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It’s happening!


The first time Meriden came up with a flood control plan, Ulysses S. Grant was president, Jesse James was still robbing banks, the Franco-Prussian War was raging, baseball was just getting organized and Stanley was searching for Dr. Livingstone in Africa. It was 1871 — the year of the Great Chicago Fire, the year Orville Wright was born.

But downtown flooding continued to be a problem, so more plans were formulated in 1939, 1962, 1965, 1971, 1977 and 1982 — formulated, but never funded and never implemented. The deluge of 1992, however, did so much damage that something was finally done about it. That something was the city’s 1995 flood control plan.

And now, only 142 years after the first plan, real progress can finally be seen. Because, this time, something is actually being done about Harbor Brook. Work has been underway since 2000, and various choke points that were a big part of the problem, causing the brook to overflow, have been opened up. This work may be less visible than the razing of buildings, but it is even more important if the brook is to stay within its banks.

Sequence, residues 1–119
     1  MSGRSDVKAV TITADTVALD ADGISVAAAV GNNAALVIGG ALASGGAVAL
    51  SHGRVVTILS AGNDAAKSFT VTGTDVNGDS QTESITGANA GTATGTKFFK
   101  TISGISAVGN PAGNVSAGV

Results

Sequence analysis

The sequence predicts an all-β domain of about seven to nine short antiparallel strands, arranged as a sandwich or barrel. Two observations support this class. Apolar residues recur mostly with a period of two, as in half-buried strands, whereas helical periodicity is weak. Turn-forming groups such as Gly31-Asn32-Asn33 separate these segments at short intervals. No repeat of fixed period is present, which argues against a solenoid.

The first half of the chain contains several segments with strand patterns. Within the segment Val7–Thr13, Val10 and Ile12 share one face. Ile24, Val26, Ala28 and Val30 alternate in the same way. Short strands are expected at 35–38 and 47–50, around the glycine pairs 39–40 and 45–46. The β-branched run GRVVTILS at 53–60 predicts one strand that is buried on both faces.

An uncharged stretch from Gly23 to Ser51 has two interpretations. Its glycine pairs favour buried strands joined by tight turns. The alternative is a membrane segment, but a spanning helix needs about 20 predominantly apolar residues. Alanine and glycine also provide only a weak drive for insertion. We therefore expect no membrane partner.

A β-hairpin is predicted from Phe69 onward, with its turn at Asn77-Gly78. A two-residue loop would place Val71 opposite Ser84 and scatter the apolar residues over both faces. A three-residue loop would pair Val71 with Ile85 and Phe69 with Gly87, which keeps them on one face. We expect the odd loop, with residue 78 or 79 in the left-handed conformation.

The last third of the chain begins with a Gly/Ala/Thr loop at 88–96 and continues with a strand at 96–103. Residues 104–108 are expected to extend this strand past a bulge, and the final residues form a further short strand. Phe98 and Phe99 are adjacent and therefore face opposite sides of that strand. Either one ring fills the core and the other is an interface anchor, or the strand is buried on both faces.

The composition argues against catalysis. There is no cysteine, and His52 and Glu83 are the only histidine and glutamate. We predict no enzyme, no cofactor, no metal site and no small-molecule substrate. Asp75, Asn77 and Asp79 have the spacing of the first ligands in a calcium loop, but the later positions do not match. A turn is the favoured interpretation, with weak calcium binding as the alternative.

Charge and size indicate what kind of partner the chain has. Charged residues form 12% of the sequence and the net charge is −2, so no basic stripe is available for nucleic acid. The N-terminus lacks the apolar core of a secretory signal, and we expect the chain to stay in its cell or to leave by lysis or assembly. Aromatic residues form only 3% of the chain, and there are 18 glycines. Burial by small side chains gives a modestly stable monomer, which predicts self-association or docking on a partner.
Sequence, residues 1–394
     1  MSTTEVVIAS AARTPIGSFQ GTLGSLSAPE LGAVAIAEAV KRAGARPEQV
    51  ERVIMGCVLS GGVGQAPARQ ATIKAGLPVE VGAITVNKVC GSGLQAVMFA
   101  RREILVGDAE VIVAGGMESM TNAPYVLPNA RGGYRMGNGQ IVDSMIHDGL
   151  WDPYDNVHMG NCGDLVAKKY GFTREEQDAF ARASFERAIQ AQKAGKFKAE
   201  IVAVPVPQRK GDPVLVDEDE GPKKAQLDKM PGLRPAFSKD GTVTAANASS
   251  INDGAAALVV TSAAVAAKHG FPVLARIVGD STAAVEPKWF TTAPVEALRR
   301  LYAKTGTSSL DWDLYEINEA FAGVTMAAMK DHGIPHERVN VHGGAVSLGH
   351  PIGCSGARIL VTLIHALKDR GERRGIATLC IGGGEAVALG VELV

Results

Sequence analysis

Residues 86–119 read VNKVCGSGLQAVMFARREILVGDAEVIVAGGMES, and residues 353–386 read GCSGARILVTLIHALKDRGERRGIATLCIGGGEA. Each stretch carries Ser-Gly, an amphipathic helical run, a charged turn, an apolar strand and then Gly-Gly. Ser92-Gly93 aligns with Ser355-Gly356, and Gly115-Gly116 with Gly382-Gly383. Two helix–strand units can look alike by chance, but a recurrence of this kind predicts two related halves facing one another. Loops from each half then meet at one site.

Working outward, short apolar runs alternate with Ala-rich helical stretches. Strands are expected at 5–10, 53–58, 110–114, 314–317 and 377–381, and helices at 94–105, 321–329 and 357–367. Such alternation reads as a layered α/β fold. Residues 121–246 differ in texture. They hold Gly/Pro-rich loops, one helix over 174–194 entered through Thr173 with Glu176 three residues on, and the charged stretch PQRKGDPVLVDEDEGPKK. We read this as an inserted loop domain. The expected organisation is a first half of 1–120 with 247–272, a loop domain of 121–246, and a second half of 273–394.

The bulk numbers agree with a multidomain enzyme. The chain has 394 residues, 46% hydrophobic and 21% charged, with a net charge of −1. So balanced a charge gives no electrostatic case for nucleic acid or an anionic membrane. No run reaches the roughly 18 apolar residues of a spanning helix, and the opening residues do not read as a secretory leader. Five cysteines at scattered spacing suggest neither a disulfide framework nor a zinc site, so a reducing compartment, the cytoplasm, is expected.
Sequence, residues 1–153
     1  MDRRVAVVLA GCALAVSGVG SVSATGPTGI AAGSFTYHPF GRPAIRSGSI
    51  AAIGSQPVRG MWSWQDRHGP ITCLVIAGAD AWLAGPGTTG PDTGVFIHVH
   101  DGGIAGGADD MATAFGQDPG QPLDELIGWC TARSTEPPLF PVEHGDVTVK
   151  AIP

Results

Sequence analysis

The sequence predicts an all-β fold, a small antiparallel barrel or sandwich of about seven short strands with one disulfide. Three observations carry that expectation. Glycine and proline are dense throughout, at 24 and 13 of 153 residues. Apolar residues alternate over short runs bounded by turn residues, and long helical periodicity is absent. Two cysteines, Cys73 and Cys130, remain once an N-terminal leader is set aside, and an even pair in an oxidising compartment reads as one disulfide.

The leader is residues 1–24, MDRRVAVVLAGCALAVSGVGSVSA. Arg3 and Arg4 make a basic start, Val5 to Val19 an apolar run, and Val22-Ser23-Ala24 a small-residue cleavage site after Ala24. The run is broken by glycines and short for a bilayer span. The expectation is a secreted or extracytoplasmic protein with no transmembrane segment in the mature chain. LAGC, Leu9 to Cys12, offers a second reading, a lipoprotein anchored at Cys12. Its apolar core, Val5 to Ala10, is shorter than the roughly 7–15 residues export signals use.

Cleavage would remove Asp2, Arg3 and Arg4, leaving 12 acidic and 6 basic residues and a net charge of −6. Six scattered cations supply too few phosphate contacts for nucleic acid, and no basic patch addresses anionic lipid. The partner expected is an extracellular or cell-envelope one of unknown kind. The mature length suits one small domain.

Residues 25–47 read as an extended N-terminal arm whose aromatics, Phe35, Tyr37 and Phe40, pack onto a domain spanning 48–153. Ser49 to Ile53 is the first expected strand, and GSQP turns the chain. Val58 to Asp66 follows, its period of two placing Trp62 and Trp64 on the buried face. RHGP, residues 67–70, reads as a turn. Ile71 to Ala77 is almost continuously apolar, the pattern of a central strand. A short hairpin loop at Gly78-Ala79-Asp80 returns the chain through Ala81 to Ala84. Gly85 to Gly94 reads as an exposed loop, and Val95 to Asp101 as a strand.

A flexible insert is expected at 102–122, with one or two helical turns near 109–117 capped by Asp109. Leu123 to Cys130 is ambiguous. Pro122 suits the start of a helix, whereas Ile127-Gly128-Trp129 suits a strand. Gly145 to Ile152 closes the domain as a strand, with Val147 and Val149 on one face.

Knocking down the building that once housed the Hub shopping center and Canberra Industries was a big step, and it was essential to “daylighting” the brook as the centerpiece of a future park. Next on the hit list are the Church & Morse and Liseo buildings on South Colony Street, but the most recent building to fall to the wrecker’s ball was the former TD Bank building on East Main, at the south end of the Hub site.

The coming park will also serve as a detention area for those times when high water might otherwise surge into surrounding streets, and will be adjacent to commercial space and a transit center in the area of the present railroad station. Once the state’s New Haven-to-Springfield high-speed rail project comes together, around 2016, officials hope to see a resurgence of business downtown.

Yes, it’s been a long time coming, in part because state funding has only arrived in dribs and drabs. But Meriden’s patient residents can finally see some progress and can have confidence that a new downtown really is just over the horizon.

And who knows? Maybe the city will even get rid of the one-way traffic.



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